This beautiful woodcut print designed by Utamaro in the last few years of the 18th century, apart from its delightful celebration of Japanese fashions and manners of a past era (which, even then, must have been greatly idealized in the sophisticated imaginations of Japanese artists), has the character of music. No part of this friezelike arrangement of figures is more distant from the viewer than any other. Each figure, and each grouping of them in the three compartments of the print, is immediately in front of us, and the rhythmic play of contour, pattern and color - though tied together by the continuous balustrade of the bridge - is experienced, like music, in the order of a time-scale, as parts that first juxtapose and then interweave with one another. Each girl relates to her neighbor with a perfect sense of ''timing.''
Fans, parasols, kimonos, sashes, headdresses, the willowy arms and necks that spring out of this sea of lines and colors like self-consciously decorative fishes - and, most of all, the turning in different directions of the finely drawn heads and the minute hands: all these interrelate, overlap, direct the eye along a gracefully twisting path, echo, repeat vary shapes like different instruments in an orchestra elaborating amelody.
There is nothing really like this in Western art, nothing that concentrates so undetractedly on linear mannerism, moving calligraphically across the surface of the paper. A highly selective kind of observation is involved in it, the behavior of certain types, but the artist is more centrally concerned with the felicities of his own work.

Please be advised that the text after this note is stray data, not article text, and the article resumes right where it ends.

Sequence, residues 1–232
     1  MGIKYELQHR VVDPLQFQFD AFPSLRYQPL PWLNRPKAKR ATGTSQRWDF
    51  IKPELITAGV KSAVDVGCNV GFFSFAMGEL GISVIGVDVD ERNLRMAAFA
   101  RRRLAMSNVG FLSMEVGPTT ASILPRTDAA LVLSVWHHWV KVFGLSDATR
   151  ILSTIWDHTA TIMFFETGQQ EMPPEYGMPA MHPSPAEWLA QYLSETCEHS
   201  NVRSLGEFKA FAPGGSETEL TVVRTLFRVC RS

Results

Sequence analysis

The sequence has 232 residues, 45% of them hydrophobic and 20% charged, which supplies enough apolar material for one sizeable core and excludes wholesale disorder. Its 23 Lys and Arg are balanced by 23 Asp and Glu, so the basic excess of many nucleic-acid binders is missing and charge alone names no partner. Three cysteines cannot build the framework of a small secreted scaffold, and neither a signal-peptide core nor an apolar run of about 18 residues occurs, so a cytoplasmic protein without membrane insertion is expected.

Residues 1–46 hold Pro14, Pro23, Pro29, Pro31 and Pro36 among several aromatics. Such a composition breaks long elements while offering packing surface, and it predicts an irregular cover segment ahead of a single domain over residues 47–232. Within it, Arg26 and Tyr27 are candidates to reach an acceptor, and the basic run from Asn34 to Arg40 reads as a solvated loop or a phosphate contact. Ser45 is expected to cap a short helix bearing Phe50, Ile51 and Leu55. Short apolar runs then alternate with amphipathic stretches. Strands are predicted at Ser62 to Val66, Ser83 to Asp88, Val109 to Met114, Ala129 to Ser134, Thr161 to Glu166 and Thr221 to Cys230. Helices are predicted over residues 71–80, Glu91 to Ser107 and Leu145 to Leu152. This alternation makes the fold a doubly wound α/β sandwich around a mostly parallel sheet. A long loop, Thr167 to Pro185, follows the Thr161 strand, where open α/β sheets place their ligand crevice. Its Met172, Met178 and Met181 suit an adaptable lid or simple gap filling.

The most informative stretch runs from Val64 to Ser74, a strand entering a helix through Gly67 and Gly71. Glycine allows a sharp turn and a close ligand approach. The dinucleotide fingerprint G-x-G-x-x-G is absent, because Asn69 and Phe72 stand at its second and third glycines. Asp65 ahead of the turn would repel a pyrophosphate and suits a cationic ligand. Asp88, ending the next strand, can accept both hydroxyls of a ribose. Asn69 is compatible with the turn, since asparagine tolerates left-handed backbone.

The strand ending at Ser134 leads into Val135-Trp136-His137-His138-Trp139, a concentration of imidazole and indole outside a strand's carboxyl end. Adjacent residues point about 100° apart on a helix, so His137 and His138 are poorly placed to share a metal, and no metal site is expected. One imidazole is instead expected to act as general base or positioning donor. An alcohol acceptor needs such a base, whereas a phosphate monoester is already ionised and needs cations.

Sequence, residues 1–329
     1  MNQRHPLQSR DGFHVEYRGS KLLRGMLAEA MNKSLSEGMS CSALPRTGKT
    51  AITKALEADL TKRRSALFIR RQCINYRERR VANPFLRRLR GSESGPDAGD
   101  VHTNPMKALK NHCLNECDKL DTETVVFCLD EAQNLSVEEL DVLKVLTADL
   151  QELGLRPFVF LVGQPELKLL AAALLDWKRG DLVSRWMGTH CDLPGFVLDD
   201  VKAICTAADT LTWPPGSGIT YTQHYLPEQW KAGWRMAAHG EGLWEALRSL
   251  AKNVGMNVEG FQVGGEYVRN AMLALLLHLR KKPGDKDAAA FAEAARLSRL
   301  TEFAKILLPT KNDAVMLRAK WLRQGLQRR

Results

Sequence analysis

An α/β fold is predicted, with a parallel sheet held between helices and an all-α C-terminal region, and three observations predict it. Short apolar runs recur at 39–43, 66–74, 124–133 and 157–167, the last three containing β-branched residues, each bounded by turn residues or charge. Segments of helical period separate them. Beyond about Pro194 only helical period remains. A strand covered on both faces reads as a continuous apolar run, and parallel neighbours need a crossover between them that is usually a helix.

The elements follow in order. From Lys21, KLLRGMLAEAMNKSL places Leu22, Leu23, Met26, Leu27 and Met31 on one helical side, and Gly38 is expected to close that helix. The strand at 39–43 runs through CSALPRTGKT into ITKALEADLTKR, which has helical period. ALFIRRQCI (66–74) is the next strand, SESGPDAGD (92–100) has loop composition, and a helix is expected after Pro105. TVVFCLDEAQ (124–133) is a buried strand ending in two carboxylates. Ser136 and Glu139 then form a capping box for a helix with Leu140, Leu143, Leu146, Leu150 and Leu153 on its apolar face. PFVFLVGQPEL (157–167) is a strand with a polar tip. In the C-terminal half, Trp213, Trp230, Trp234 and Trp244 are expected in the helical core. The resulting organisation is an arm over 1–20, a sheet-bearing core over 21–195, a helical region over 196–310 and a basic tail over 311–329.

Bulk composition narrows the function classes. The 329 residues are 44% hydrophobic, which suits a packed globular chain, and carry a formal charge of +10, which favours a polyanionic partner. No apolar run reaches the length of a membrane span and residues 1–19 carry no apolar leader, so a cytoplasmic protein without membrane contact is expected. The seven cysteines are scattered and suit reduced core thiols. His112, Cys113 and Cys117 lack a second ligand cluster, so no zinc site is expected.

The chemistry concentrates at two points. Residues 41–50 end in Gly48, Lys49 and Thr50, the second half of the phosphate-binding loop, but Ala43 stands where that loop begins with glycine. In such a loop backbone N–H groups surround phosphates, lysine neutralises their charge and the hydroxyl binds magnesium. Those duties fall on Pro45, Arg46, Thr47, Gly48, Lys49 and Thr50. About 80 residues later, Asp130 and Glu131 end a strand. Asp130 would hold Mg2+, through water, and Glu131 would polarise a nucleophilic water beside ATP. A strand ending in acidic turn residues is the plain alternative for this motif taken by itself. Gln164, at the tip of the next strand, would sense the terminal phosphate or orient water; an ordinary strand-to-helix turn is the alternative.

Utamaro's inventiveness was almost always strictly within the long-accrued traditions of Ukiyo-e, or ''popular'' Japanese art. Most of his work was for woodcut prints.
These required considerable cooperation between publisher, designer, engraver and printer, as well as an acceptane by the designer of a basic technique. ''Beautiful women'' of various classes and occupations were by far the most frequent motifs of Utamaro's art, as they were of other Ukiyo-e designers. J. Hillier has written the following about the school: . . . the style . . . was adapted to the depiction in a novel way of the capital, edo, of the singing- and dancing- girls, of the courtesans, the wrestlers and the Kabuki theatre. The shallowness and gaiety of its subject matter earned the school its soubriquet Ukyo-ryu, ''style of the floating world.''
What could be more appropriate a setting for the display of the charmingly commonplace than a bridge where people naturally gather to watch the ''floating'' world which passes under it? Utamaro, in fact, designed three more sheets showing ''under the bridge'' as well: the whole thing quite a tour de force. But each part of a work even as ambitious as this can still be separately enjoyed, an achievement that is due not only to the consummate sense of balance and interval, of spaces and shapes beautifully related, and of a marvellous economy of line, but also because in traditional Japanese art perspective in the Western sense was scarcely used. Thus every aspect of a work can have prominence , and although spaces - depths of great subtlety were described by overlapping surfaces (Utamaro came up with some brilliant notions of this kind) - in essence everything takes place on a frontal plane. Here again Utamaro shows his considerable ingenuity by placing his figures high up against nothing but empty sky, allowing us to trace the visual music without confusion or background intrusion. He invests the ''shallowness'' of his subject matter (though indeed it is no ''shallower'' than many of the subjects favored by those admirers of the Japanese Ukiyo-e print, the French Impressionists) with an ideal stateliness.
It is as if these girls were engaged in some measured processional dance, and then he delightedly punctuates their stylized dignity with small touches of incident. His contrived style, as artificial perhaps as art can be, somehow persuades us of its complete naturalness.